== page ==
A few days ago, a monumental data breach was announced, caused by the negligence of employees in the Swedish government.
When part of the morning ritual is reading about the data breaches that occurred in the last 24 hours, maybe we have a serious problem. The Swedish data breach, as explained on HackerNews.com, compromised top level classified data stored by the Swedish government.
It mentions, “The data breach exposed the names, photos and home addresses of millions of Swedish citizen, including fighter pilots of Swedish air force, members of the military’s most secretive units, police suspects, people under the witness relocation programme, the weight capacity of all roads and bridges, and much more.”
The data breach occurred because the data, unencrypted, was stored on a cloud server by a contracting company.
Does this sound familiar? Just a few short years ago, the US Office of Personnel Management (OPM) had a similar data breach. They stored the employment applications and security clearance applications for all US citizens that have applied, since electronic storage become available, unencrypted on file servers that were not properly hardened. This included sensitive information, like fingerprints and interviews with candidates, family, coworkers and friends.
Most data threats come from employee negligence, intentional or unintentional. This is the ‘insider threat’ that has companies and agencies around the world wondering what they can do to address this threat.
The goal is to reduce the insider threat to a manageable, acceptable risk. The key pillars to reducing the frequency and severity of data breaches, each one requiring a separate article to discuss, are:
- Know where your sensitive data resides. If the Swedish government had understood the data that resided on the server that was breached, they could have probably applied controls to protect the data appropriate to the data type. Being proactive with the location and controls applied to sensitive data is essential to preventing a data breach.
- Know who has access to what. This includes employees, contractors, partners and customers, depending on the type of enterprise. When the access includes sensitive data, this requires the access levels to be tracked at the fine-grained level. It is not sufficient to understand that the user has an account and the general profile assigned to that account. This low level of detail should be trackable by identity for it to be useful in reducing the insider threat.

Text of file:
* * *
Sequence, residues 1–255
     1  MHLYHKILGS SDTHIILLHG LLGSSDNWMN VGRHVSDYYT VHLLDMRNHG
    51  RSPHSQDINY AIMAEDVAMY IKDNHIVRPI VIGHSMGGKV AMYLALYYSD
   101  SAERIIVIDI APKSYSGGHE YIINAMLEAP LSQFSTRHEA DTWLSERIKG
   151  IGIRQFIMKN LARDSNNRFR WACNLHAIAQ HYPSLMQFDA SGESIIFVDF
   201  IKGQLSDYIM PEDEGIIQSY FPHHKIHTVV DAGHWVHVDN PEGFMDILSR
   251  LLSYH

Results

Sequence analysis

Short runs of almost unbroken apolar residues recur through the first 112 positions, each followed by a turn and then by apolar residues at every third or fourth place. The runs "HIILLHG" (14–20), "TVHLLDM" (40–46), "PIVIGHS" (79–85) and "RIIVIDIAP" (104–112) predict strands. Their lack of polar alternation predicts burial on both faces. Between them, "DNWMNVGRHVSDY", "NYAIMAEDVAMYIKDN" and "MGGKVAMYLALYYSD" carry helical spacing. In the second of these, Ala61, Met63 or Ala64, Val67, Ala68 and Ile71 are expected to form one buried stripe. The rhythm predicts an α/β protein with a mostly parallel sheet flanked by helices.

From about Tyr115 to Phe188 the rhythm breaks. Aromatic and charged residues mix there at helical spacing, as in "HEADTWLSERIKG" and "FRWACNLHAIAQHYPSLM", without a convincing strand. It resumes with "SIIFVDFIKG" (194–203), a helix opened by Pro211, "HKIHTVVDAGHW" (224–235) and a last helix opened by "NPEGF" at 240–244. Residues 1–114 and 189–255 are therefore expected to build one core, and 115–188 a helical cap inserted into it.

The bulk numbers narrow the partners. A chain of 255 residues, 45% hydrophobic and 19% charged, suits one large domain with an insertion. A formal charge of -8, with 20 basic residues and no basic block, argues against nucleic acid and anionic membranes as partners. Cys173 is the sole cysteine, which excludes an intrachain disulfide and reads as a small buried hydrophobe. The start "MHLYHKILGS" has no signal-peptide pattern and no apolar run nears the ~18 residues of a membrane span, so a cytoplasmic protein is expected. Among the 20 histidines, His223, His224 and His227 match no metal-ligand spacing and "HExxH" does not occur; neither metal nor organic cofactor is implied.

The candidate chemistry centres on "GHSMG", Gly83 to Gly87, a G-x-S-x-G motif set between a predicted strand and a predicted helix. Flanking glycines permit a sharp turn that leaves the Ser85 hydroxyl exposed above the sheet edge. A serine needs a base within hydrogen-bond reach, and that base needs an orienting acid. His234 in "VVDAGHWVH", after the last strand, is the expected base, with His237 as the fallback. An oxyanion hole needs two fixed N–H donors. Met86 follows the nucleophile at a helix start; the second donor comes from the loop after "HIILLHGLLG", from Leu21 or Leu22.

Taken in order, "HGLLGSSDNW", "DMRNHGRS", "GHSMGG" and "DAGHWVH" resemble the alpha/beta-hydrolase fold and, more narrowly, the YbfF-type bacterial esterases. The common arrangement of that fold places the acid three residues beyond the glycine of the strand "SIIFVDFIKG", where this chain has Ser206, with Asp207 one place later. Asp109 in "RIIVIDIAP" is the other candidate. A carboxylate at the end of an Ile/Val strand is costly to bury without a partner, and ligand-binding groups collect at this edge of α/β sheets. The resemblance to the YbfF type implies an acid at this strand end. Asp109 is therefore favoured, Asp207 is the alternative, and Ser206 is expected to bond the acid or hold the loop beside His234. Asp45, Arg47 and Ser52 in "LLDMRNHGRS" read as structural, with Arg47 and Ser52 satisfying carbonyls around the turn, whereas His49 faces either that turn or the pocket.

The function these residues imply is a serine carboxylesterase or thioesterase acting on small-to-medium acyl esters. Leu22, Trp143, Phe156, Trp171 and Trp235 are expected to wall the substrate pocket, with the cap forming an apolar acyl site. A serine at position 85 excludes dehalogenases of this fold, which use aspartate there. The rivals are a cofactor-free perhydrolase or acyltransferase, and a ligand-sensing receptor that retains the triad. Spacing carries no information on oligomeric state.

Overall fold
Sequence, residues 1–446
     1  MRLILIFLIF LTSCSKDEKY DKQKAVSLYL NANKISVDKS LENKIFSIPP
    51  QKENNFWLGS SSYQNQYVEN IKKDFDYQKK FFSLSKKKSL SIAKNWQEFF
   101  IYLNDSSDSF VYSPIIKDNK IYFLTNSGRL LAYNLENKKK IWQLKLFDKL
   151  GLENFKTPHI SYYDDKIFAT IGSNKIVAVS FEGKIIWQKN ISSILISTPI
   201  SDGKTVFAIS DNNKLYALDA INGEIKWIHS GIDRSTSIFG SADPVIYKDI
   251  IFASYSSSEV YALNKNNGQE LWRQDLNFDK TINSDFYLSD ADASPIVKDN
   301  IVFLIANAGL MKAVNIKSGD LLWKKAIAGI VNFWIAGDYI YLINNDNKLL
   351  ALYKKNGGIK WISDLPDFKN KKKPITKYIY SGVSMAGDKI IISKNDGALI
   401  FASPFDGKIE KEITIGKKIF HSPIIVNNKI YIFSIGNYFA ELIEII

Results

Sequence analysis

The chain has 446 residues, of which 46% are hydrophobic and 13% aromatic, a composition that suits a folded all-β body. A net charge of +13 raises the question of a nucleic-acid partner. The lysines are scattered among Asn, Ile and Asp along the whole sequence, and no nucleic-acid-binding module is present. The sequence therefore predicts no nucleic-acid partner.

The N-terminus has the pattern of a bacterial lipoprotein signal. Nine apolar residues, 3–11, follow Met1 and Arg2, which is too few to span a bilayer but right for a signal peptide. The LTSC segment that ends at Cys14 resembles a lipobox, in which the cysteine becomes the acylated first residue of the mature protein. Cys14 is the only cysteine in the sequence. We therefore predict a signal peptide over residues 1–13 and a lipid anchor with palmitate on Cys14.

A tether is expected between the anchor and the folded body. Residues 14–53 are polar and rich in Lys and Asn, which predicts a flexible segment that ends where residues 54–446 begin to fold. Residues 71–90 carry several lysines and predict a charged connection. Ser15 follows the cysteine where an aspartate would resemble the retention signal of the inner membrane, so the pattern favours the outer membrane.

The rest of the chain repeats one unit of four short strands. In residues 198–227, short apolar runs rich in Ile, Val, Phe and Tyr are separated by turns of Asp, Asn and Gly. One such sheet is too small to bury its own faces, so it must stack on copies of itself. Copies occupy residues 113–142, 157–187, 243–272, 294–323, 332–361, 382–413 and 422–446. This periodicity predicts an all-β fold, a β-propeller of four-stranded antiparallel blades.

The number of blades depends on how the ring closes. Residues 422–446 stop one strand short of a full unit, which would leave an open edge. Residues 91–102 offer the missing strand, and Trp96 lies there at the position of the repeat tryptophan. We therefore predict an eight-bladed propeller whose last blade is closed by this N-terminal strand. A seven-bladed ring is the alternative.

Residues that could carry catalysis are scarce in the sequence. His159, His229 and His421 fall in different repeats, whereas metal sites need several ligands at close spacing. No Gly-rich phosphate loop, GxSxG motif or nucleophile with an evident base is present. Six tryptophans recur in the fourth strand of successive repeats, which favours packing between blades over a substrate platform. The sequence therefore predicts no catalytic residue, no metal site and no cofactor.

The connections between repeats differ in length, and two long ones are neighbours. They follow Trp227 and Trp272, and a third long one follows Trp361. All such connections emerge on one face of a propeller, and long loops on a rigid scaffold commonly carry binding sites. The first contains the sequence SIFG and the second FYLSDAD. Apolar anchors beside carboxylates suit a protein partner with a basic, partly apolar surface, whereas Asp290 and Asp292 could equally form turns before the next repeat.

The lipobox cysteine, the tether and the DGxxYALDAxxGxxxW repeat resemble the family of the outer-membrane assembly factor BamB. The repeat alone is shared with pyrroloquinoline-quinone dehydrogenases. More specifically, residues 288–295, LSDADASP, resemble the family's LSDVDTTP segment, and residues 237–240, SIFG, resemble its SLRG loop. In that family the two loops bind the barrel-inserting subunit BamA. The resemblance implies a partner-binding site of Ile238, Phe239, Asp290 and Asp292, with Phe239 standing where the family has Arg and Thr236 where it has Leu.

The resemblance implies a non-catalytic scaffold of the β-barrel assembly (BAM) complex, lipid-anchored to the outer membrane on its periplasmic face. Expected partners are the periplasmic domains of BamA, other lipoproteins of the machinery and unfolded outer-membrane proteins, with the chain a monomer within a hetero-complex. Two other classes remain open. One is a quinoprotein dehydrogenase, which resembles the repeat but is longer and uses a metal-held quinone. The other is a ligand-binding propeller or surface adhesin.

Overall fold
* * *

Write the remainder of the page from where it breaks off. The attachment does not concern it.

- Know how the access is being used. Users will always leverage access to resources as far as their knowledge and comfort level will allow. Most users want to understand what they are allowed to do. A very small number may even have nefarious intentions. Understanding the fine-grained details of what a user can do, rolled up to the identity provides a clear picture of the impact that a user can have on the enterprise and the risk that creates.
- Know where risk has been mitigated, how it was mitigated and keep a closer watch on these mitigated exceptions. When user access has been identified as administrative, privileged or high risk to the enterprise, then mitigation should be applied to justify the access, whether permanent or temporary. The mitigation should require a detailed explanation from the approving business manager or application owner. This mitigation provides a historical trail to understand how the access was granted, why the access was granted and who granted the access.
- Hold business accountable for access, certification and mitigation decisions. Business managers and application owners need to have accountability for the access, certification and mitigation decisions they make. This will make the decisions more meaningful and will discourage business from ‘rubber stamping’ access . The determination for what ‘accountability’ is should be determined by the enterprise, but this effort must begin by tracking and reviewing the decisions and their impact on the enterprise.
- Run continuous controls with ‘real time’ alerts. When the above suggestions are combined, it creates a dataset that facilitates continuous controls. Because you know what users have access to, what it impacts, who approved the access and how the access is being used, it allows for intelligent rules. These rules can be reactive to access usage patterns, can include violated SODs, risk levels and compliance to standards. The rules react by sending email alerts, generating micro certification campaigns or removing access in near ‘real time’.
I hope that this blog entry can provide ideas and direction for enterprises to avoid data breaches through minimizing insider threats.